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America Loves Strongman Leaders … Every 72 Years

February 1st, 2019 by dk

Before the next presidential campaign cycle begins consuming all our attention, we should recognize an almost spooky pattern that has shaped our presidential elections. America has a secret soft spot for strongmen. We elect them every 72 years. Only four U.S. presidents have ever suspended habeas corpus protections — imprisoning Americans without a trial.. If you have 36 cents in your pocket, I can show you the faces of the first three.

George Washington has always been the father of the country, singular in prestige and power. He was first a general, imprisoning anyone not sympathetic to his campaigns. Few believed he would abide by our new government’s separation of powers.

England’s King George III saw Washington as a new king who would never walk away from power, telling a confidante that if he did, “He would be the greatest man who ever lived.” When Washington refused to accept a third term, he surprised everyone.

Seventy-two years after Washington became president, Abraham Lincoln entered the Oval Office. He had won only 40 percent of the popular vote. He was not a trusted name among the power elite. He couldn’t claim any sort of mandate, but he governed as if he’d been given one.

The young nation went to war with itself, and mercilessly so. President Lincoln imprisoned citizens without trial for the war for independence. The Civil War might have ended sooner and with less bloodshed, but Lincoln and his generals required nothing less than unconditional surrender.

Lincoln’s Emancipation Proclamation freed all southern slaves at once — no transition period, no reparations, no accommodations of any sort. Freedom for 3.1 million slaves in the rebel states was not negotiated — it was proclaimed. (Slaves from the four states and assorted territories that did not participate in the rebellion were not freed by Lincoln. They had to wait for the 13th amendment to pass, after Lincoln’s death.)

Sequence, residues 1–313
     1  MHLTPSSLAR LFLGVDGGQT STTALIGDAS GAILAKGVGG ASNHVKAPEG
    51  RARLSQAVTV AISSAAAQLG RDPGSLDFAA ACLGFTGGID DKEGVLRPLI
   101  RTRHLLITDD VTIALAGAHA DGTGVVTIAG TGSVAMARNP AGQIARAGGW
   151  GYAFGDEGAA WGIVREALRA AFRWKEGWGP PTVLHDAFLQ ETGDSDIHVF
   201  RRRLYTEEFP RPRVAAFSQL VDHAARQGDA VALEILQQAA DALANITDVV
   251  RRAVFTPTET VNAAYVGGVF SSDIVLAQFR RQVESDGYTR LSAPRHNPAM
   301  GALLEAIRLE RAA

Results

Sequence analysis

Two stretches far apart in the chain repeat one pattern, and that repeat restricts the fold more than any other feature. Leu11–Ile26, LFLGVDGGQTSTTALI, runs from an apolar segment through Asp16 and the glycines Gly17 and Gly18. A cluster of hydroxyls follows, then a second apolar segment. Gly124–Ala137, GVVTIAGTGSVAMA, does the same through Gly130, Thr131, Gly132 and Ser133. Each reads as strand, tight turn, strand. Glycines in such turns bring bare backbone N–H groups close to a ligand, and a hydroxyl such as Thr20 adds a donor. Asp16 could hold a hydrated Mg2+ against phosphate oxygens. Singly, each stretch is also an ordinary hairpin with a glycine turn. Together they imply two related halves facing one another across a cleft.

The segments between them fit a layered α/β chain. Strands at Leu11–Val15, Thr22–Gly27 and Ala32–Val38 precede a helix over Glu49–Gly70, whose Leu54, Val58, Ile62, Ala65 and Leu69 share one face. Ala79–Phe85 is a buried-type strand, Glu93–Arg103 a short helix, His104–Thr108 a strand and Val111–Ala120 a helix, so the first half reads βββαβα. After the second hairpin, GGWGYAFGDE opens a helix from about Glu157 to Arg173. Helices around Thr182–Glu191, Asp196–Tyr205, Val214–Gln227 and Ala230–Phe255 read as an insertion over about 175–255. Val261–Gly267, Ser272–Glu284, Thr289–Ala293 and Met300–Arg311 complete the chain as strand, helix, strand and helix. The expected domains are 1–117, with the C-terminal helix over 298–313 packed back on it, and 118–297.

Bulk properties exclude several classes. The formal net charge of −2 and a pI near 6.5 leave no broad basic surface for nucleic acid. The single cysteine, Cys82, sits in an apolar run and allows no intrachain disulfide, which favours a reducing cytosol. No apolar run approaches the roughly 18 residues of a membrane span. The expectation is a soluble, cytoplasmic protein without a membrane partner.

Imprisoning citizens without trial and Constitutional limits on executive power — America didn’t see these conditions again until after a new strongman won the presidency in 1933.

Seventy-two years after Lincoln’s first inauguration, the nation was again in turmoil, but this time the battle was economic. The Great Depression was ravaging the worker class. Franklin Delano Roosevelt immediately set the nation on a new course with a dizzying array of programs to protect workers.

A dozen years later, when popular fears about Japan’s aggressions rose, Roosevelt ordered over 100,000 Japanese Americans into internment camps — imprisoned without trial — “for their own protection” until the conclusion of World War II in 1946.

Just as Lincoln never saw all American slaves freed, Roosevelt died before the internment camps were closed.

Seventy-two years after FDR took office would take us to 2005, when President George W. Bush was imprisoning Americans without trial overseas and at home by recategorizing them as enemy combatants. George W. Bush is not yet featured on an American coin, but I wouldn’t bet a nickel against it happening someday.

If you prefer to count our 72-year strongman itch from the time Japanese Americans were given back their freedom, you’d be expecting to see a strongman in the White House right now.


Don Kahle ( writes a column each Friday for The Register-Guard and blogs at

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